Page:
2. Delay of Court and Legal Proceedings: can delay certain court or administrative proceedings for a minimum of 90 days, following a written request with: 1) reason current duty materially affects his/her ability to appear, 2) a date when he/she can appear, 3) letter from the commander substantiating this information.  This delay can be extended at the whim of the court, if a financial service provider is involved, they have no say.

    3. Termination of Leases: can terminiate with receipt of orders for Permanent Change of Station (PCS)...this includes automobile leases.

    4. Eviction for Nonpayment of Rent: a landlord must obtain a court order to evict military members or dependents. The courts have much discretion and can provide as long a stay as is just given the circumstances. I'd be curious to hear of any case in which someone on active duty in Iraq had their family evicted for nonpayment.  The ceiling for the rent is $2,465/month as of 2004.

    5. Default Judgment Protection: allows default judgments to be reopened and set aside, usually because the servicemember was prejudiced by not being able to appear, provided that he/she has good legal defenses to the claims against him/her.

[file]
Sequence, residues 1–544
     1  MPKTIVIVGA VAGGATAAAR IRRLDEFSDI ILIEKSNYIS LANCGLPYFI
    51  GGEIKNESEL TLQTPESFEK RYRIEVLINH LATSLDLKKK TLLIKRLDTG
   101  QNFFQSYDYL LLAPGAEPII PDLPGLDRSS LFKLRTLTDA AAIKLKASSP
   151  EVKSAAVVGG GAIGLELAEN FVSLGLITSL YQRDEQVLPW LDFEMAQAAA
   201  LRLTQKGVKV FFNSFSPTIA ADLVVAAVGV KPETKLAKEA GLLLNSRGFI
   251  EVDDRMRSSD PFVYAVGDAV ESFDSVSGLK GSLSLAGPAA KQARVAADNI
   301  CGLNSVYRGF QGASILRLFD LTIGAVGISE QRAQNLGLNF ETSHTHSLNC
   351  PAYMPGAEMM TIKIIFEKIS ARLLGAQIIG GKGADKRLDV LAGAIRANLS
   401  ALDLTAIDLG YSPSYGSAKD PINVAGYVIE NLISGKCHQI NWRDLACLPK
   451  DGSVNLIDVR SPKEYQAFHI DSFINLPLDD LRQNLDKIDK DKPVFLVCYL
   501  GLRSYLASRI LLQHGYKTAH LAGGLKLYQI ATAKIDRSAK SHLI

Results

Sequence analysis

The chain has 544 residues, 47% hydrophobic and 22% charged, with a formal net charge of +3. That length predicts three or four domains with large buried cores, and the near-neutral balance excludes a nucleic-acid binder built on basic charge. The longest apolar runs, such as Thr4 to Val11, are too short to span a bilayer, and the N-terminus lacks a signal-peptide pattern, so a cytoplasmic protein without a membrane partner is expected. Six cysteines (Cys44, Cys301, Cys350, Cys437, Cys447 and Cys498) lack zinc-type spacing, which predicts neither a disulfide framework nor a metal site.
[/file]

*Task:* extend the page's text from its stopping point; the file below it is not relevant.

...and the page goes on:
6. Life Insurance protection: can request deferment on certain commercial life insurance premiums and other payments for up to 2 years following the period of active duty. The VA guarantees the payments in this circumstance.

    7. State Taxation clarification: nonresident servicemember tax relief...this one is complicated...

    8. Health Insurance Reinstatement: provided the insurance was active upon entry into active duty and lapsed during active duty.

    As with any other law, it is important for anyone you know who may benefit from this law to consult an attorney to iron out the details.

    Also, federal loans, such as Direct Loans or FFEL Loans for college are exempted from this law, but ARE covered by the HEROES Act, which is an addition to the Higher Education Act (HEA). The HEROES Act mirrors the provisions of the SCRA to a high degree.

    As far as the financial service industry titans such as Wells and Citigroup, it is highly unlikely that their compliance departments were unaware of this new legislation. It's unclear why they would bring down the full force of public indignation by taking collection actions in violation of the law.  If they were technically correct, but violated the spirit and intent of the law, they would face equally disruptive public outcry.  

    Some smaller mom and pop lenders or credit issuers may not be aware, however.

    From inside the belly of the beast, this is SnyperKitty saying "there's lot's of us in here too..."